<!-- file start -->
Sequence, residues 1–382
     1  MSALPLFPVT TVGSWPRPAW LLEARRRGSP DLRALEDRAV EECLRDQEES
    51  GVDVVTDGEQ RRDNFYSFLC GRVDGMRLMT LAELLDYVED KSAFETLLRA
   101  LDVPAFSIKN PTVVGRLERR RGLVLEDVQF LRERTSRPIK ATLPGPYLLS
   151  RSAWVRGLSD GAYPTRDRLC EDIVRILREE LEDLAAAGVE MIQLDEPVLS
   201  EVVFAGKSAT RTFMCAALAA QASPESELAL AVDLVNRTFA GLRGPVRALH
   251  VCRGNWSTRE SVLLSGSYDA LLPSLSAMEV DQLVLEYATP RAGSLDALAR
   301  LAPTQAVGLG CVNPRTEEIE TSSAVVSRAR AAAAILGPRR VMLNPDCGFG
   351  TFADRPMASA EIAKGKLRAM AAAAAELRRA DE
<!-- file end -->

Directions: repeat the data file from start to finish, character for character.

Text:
Sequence, residues 1–382
     1  MSALPLFPVT TVGSWPRPAW LLEARRRGSP DLRALEDRAV EECLRDQEES
    51  GVDVVTDGEQ RRDNFYSFLC GRVDGMRLMT LAELLDYVED KSAFETLLRA
   101  LDVPAFSIKN PTVVGRLERR RGLVLEDVQF LRERTSRPIK ATLPGPYLLS
   151  RSAWVRGLSD GAYPTRDRLC EDIVRILREE LEDLAAAGVE MIQLDEPVLS
   201  EVVFAGKSAT RTFMCAALAA QASPESELAL AVDLVNRTFA GLRGPVRALH
   251  VCRGNWSTRE SVLLSGSYDA LLPSLSAMEV DQLVLEYATP RAGSLDALAR
   301  LAPTQAVGLG CVNPRTEEIE TSSAVVSRAR AAAAILGPRR VMLNPDCGFG
   351  TFADRPMASA EIAKGKLRAM AAAAAELRRA DE